It’s an unfortunate reality, but research provides evidence that employers (and many others) give preferential treatment to people they deem more physically attractive. Could the comparative objectivity of AI actually be a solution to Beauty Bias?
Lookism, The Beauty Bias and the Halo Effect
We’ve found time and time again that a candidate’s “qualifications” for a job do not represent all of the factors for why they are chosen or not. Employment discrimination remains a problem as perfectly qualified candidates might be passed over for gender, race, age and class (or simply because another candidate shares a similar background as the person hiring them).
But in an article for the Harvard Business Review, Tomas Chamorro-Premuzic notes one another important bias surrounding selection of candidates, which is lookism. Lookism means that candidates are favored or rejected based on physical attractiveness. Of course, this doesn’t just mean someone’s face and hair but extends to other criteria including tattoos, obesity and attire.And it doesn’t just stop there.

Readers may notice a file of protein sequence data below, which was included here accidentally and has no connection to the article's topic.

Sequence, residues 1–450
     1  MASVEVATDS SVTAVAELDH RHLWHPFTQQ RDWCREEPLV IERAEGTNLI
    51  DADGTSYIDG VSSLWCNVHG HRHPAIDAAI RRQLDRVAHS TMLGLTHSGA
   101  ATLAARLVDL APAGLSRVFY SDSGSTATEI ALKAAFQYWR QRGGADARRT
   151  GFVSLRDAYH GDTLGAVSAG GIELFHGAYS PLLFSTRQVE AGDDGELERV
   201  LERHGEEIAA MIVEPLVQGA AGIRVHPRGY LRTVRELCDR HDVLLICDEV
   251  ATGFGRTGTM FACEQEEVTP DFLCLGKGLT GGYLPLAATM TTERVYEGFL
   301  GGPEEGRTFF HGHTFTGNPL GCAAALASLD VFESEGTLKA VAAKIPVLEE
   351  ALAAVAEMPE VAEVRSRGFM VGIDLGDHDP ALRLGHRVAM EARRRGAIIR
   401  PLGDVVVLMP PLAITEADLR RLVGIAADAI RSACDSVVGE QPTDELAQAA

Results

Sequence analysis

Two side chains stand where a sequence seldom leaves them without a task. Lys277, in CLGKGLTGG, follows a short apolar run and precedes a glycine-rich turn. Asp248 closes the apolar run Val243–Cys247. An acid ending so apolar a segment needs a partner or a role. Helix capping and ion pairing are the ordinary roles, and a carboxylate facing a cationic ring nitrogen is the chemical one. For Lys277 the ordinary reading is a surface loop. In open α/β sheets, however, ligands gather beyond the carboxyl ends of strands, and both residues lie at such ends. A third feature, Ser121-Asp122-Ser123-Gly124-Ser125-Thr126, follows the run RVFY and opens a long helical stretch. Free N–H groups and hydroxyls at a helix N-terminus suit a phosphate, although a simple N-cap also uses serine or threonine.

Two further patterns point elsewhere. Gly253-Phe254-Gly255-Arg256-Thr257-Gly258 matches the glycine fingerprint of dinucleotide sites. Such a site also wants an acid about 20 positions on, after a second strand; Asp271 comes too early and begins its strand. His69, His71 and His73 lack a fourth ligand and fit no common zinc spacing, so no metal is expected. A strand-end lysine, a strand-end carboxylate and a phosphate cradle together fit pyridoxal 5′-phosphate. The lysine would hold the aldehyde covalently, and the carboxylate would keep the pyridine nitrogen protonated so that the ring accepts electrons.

Research supports the idea of a “Halo Effect” wherein people with positive qualities such as attractiveness are also assumed to be smarter, more confident, trustworthy and likeable, among other qualities. Here’s how that’s reflected in the studies cited by Chamorro-Premuzic:
To read how AI could account for these biases (with some caveats, of course), check out the full Analysis on MAEKAN.com.
- Higher grades: Due to the Halo Effect. Attractive students are deemed more conscientious and intelligent.
- More call-backs: attractive candidates got more than unattractive or no-photograph candidates.
- Higher salaries: 10-15% higher for above-average beauty in the States.
- Hiring and Firing: Less attractive employees less likely to be hired and more likely to be fired.